It should be borne in mind that the records in the miracle collections need not reflect the actual number of ex-votos offered to the shrines. They are the result of the documentation carried out by clerics who had gotten hold of and interviewed pilgrims visiting the shrines. Hence, the ex-votos mentioned were connected to an experienced miraculous healing recounted by the pilgrim, and/or by witnesses able to confirm the authenticity of the account, as recorded by the commission that investigated the application for canonization. Many more ex-votos may have been presented by pilgrims seeking healing or help. If their appeals were unsuccessful, or they simply escaped the clergy’s notice, their offerings were not registered in the miracle collections.
The votives are long gone, but a few visual sources remain that give an idea of what it looked like in those churches where ex-voto¬s accumulated. A painted scene on the exterior of one of the wings of an altarpiece in Västerås Cathedral shows a priest holding up a reliquary before an audience of beggars and cripples (cult manifestation # 3535; Bedoire 2019, 143, 147). In the upper right corner of the panel, crutches and was limbs hang suspended from a rope right above what appears to be a saint’s shrine, standing on or behind the altar. It should be kept in mind, though, that the altarpiece was made in Antwerp and that the painting is generic in character, i.e. it is not an historically accurate rendering of the interior of Västerås Cathedral (cf. Liepe 2020, 56, on the apparent lack of a saint’s shrine in Västerås). Somewhat more reliable as a historical source is an engraving from around 1700 of the late medieval so-called Erik altarpiece in Uppsala Cathedral (cult manifestation # 3505; Bengtsson 2010, 57–58). The altarpiece disappeared in the great fire that ravaged the cathedral in 1702, but engravings made of it not long before on the initiative of Johan Peringskiöld, inform us of its appearance. One of the altarpiece’s painted panels depicted two pilgrims kneeling in front of the shrine of St. Erik. Included in the composition were votive offerings: to the right in the picture, a leg and a hand made from wax (or perhaps silver), and the upper part of a suit of armour, can be seen suspended from the vaults or piers in the chancel where the shrine had its place in the late fifteenth century, when the panel that the engraving reproduces was painted.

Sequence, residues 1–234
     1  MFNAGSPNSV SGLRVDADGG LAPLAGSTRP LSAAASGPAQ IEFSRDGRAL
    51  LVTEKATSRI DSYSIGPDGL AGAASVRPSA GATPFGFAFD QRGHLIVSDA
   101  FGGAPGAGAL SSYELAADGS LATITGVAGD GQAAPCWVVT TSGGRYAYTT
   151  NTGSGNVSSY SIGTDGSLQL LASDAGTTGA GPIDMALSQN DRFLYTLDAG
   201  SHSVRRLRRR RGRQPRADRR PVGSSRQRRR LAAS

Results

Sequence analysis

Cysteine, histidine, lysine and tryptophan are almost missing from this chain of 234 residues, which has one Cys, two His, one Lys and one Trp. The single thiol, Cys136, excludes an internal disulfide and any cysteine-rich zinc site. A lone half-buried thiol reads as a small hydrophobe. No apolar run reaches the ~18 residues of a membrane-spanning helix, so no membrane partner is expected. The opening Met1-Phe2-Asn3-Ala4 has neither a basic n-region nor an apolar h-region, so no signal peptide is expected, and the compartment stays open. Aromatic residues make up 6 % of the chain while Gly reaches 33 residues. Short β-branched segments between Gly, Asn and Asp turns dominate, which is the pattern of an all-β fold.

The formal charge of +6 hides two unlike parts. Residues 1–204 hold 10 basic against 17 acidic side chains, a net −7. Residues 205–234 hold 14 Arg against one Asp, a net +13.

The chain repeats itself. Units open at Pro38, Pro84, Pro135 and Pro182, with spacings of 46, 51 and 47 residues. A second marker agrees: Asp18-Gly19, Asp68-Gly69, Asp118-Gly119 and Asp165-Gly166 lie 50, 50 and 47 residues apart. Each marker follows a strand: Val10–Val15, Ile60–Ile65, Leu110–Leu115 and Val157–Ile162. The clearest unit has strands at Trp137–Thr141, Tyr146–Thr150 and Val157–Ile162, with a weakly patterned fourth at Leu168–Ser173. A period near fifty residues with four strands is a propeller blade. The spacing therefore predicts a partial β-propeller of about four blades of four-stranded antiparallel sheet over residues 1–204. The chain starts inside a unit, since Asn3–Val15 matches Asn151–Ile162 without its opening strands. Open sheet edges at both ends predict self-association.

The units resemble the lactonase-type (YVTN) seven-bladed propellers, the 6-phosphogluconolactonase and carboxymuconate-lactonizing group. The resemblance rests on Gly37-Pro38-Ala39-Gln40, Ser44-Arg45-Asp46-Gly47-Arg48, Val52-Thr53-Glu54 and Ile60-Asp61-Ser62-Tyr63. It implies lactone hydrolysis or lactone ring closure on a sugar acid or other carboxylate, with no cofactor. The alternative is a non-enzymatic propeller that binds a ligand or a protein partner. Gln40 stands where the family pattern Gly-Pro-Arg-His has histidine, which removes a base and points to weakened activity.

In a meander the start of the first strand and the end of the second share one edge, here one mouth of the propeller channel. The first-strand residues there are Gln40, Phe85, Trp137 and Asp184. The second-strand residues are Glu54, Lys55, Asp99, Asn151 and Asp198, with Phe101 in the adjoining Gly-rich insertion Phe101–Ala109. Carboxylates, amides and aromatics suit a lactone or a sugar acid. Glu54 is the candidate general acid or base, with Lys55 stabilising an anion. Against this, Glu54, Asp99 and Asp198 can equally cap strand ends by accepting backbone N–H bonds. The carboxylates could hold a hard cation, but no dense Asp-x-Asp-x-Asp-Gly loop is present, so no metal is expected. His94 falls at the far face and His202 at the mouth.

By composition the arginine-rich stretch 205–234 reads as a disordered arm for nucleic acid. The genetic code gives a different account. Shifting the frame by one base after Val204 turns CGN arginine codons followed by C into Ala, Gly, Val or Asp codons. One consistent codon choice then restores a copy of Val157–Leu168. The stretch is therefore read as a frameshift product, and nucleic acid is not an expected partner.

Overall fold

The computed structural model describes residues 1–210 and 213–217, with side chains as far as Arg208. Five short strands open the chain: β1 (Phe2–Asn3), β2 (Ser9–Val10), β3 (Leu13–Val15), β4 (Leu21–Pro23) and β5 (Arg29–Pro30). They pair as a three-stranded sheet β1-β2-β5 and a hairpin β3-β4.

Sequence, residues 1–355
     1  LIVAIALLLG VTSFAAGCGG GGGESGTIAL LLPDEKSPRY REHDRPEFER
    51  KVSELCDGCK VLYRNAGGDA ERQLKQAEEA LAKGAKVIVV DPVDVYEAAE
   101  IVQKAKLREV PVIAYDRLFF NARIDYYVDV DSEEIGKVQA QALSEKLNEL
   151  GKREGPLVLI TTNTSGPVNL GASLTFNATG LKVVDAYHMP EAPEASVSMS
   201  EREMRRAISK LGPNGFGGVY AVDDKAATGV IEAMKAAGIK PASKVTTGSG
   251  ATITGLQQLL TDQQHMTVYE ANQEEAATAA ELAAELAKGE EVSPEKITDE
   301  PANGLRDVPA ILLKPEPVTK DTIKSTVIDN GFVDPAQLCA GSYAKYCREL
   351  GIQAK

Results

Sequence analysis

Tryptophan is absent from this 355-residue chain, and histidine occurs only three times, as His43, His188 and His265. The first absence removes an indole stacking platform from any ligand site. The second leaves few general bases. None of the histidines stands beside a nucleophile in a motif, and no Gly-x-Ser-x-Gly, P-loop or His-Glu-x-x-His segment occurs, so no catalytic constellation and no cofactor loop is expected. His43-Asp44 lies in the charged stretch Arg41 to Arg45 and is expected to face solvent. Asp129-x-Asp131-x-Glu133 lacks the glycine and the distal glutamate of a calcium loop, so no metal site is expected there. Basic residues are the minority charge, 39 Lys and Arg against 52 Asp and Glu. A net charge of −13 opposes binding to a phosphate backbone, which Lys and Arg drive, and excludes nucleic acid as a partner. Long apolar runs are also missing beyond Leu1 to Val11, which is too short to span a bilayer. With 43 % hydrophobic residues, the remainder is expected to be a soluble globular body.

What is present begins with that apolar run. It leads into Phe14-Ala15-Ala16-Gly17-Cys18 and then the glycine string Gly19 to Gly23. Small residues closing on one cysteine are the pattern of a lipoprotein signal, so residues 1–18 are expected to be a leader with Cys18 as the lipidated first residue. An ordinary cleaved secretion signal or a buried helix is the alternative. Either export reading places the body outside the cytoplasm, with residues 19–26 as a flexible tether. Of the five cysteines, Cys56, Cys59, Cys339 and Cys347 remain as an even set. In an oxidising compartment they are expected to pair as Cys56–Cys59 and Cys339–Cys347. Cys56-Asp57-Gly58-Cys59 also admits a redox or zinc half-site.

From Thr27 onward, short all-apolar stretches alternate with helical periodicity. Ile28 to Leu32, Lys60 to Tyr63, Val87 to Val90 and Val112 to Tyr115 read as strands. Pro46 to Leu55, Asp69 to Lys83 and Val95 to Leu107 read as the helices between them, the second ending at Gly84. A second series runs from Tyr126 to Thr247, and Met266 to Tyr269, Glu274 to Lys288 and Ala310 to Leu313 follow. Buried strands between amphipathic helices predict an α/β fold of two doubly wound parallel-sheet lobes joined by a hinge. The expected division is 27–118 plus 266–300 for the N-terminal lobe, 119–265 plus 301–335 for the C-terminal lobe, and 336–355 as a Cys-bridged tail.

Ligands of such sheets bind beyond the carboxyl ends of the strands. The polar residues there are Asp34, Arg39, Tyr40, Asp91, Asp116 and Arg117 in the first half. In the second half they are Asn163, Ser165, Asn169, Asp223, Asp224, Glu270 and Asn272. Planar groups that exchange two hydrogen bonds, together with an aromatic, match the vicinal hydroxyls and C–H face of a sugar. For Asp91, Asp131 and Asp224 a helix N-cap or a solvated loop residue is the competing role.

Votive gifts in wax or silver had monetary value, and were likely often given with the intention that the receiving institution could convert them into material or pecuniary assets Thus, one of the reasons for the complete loss of medieval ex-voto images is probably that the waxen ones were used for candles, whereas the silver ones were perhaps melted down and reused for making other objects, or were simply turned into an economic resource. The material value also attracted thieves. The miracle collection of the local Danish saint Niels of Aarhus tells of how thieves twice tried to steal silver – in one case a pair of silver eyes – from the shrine, but how the relics emitted a fragrance that alerted the clerics so that the thieves could be caught. The Stockholm legal protocols for 1482 recount how a woman confessed to stealing wax from the altar of “Helga Lösen” in the Dominican church. For this, she was first placed on the pillory and then banished from the city (Krötzl 2014, 215).
Another cause for their disappearance is that they were purged as part of the Reformation’s crackdown on the Catholic cult of saints. The saints were not banned in the strict sense; they were, and still are, accepted as pious models to be venerated and remembered as worthy examples of faith, piety, patience and obedience. They may not, however, be worshipped or invoked. The Danish reformer Peter Palladius writes in his Visitatsbog (Visitation book) from just after the mid-16th century, that “billeder som mand haffuer giort søgning til, och hengde voxbørn och krycker for, de schule borttagis och brendis op” (“images that people seek out, and hang wax children and crutches before, should be taken away and burned.”) (Jacobsen (ed.) 1926, 36). In Fana parish in Norway after the Reformation, the priest burned several wagonloads of crutches and staffs that pilgrims had donated to the church’s reputedly miracle-working cross or crucifix that had a reputation for miracle working (Hagen 2021, 386).
At the time of writing (September, 2022), 35 votive offerings in total are registered in the database, the majority of which are silver cereal ears and silver fish. As more miracle collections and other sources are harvested for cult manifestations, the number of entries belonging to this category will grow, and yet another dimension of the material forms that the cult of saints could take will be made visible and accessible for further study. By mean of these objects, another piece is added to the jigsaw puzzle of lived religion as it unfolded in medieval Sweden and Finland.
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Ex-voto images: lived religion in visual form14:10 by Lena Liepe
Lena Liepe, Linnaeus University